With over 4 million American kids and teens currently receiving some form of orthodontic treatment, there are chances that your kid is one of them. It is estimated that nearly 75% of kids and teens have tooth spacing or alignment problems that require treatment with braces and retainers. So what’s the difference between them?
While most people think that these are used to perfect your smile, there are usually much more serious reasons for getting them. Misaligned teeth can cause pain and discomfort, as well as be hard to keep clean, leading to problems such as cavities and gum diseases like gingivitis or periodontitis.
Wearing braces or retainers helps realign the teeth, improving your smile and preventing serious dental problems from developing.
The main difference is that braces, with the exception of Invisalign, are glued to the teeth and should not be removed during the treatment period.
Retainers, which are made of molded plastic and wire, are designed to be easily removable and typically, the patient should only wear them for a certain number of hours a day.
It is a common misconception that these types of treatment are only for kids, but the truth is you’re never too old for braces. If you’re self-conscious of your smile due to crooked or misaligned teeth, you could benefit from treatment. And don’t worry, braces have come a long way from when you were a kid and are much less noticeable and painful to wear than they were in the past.
Usually, once teeth have been straightened out by a period of wearing braces, retainers will be used to hold the teeth in their new position while they settle and the gums strengthen. After a short period of constant wear, the patient will only have to use the retainers for a certain number of hours every day and can remove them at night and while eating.
Retainers can be used instead of braces to correct minor problems involving only one or two teeth. If there is a slight gap between two teeth, or a tooth is misaligned, a retainer can be an effective solution. The treatment may take longer than it would with braces, but the advantage is that retainers are much less obtrusive, and since they can be removed maintaining good oral hygiene is not a problem.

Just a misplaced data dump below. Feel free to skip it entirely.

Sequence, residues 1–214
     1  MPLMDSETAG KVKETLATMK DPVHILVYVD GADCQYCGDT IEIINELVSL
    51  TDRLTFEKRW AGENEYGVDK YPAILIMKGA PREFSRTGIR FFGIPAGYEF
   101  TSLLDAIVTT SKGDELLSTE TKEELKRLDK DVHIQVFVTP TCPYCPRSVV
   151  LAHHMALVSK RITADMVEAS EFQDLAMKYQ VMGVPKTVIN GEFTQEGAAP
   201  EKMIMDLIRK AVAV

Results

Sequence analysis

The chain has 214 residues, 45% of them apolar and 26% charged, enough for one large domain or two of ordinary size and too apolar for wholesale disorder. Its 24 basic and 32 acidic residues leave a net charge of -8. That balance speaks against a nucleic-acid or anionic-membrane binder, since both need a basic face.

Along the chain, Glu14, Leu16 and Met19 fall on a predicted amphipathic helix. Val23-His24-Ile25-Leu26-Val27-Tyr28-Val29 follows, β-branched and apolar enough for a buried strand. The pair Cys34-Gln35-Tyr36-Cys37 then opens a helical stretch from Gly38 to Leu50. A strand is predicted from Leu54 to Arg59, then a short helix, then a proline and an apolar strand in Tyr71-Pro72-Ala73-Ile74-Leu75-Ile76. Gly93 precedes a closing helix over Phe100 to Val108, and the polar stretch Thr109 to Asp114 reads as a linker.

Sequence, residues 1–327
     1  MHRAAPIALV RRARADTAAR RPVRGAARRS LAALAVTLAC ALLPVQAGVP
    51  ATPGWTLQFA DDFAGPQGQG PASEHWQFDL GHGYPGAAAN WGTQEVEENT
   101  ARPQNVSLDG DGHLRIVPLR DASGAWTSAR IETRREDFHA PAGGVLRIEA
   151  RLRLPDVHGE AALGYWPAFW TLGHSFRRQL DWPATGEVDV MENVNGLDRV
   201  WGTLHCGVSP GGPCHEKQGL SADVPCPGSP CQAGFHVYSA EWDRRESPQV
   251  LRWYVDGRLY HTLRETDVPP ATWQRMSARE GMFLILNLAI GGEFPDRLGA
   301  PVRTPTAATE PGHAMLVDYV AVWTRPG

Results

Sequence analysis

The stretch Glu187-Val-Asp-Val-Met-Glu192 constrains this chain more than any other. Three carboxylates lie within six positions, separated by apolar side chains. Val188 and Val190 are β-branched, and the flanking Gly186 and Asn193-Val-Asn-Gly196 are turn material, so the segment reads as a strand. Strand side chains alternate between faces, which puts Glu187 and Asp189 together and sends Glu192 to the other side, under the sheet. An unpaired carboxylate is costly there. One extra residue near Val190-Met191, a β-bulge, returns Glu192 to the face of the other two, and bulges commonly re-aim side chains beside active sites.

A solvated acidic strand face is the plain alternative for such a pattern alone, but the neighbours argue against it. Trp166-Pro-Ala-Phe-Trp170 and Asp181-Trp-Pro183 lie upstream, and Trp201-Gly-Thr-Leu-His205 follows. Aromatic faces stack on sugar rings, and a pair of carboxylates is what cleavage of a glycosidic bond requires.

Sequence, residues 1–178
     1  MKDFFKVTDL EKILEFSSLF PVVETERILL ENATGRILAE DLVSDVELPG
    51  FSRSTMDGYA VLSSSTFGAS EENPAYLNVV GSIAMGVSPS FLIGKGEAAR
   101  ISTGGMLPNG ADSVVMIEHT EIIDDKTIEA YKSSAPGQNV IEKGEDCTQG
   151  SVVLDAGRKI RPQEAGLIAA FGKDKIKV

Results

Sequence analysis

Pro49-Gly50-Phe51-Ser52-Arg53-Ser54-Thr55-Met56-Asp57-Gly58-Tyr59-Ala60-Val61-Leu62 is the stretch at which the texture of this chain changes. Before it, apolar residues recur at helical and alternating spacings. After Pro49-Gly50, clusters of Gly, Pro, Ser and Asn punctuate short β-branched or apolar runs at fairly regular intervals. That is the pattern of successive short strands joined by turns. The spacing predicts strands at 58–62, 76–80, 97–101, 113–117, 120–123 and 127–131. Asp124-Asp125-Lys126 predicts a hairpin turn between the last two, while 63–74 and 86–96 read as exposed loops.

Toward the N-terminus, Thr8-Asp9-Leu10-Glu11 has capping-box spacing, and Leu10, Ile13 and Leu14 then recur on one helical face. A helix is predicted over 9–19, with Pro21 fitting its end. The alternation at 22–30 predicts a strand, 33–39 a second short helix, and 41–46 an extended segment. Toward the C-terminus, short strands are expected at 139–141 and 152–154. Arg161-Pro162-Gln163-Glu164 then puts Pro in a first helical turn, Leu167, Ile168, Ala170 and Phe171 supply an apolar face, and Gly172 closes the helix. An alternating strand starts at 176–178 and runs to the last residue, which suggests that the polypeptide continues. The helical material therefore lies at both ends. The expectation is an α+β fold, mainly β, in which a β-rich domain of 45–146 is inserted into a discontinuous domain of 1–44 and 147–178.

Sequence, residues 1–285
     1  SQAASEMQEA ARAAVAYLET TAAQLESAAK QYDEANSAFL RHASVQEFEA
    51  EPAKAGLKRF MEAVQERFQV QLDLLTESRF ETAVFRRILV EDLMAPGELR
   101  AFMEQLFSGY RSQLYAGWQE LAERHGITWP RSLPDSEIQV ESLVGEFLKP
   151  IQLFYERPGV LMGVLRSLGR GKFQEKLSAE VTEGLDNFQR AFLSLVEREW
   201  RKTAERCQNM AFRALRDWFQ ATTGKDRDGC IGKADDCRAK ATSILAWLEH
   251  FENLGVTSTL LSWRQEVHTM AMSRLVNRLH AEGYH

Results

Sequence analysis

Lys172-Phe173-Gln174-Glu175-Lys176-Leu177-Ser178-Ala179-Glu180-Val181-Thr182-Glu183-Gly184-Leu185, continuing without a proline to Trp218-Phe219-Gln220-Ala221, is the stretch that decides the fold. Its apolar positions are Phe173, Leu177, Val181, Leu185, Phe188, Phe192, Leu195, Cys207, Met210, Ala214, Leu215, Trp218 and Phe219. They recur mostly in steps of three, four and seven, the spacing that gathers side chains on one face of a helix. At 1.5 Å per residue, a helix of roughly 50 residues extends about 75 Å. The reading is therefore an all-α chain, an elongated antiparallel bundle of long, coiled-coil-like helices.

While retainers can be a solution for minor problems, the materials they are made from are not strong enough to realign multiple teeth or teeth that are seriously out of alignment. As we said, their main use is to hold teeth in their new position after realignment until they are strong enough not to need support.
Braces, on the other hand, are much more robust. A small metal or ceramic plates are fitted to the teeth and connected by a metal wire. By adjusting this wire, the pressure is put on the teeth and they are gently pushed into the right position.
As they work on all the teeth at the same time, braces are appropriate for treating conditions such as overcrowding in the mouth, overlapping or crooked teeth, and malocclusion, which means one jaw is bigger than the other, causing over- or under-bite.
As you can see, braces and retainers are not the same thing and cannot be used interchangeably to treat all conditions. If you are still not sure which is the right option for you, make an appointment with us today and our expert orthodontists will assess your needs and explain your treatment options so you can make an informed choice.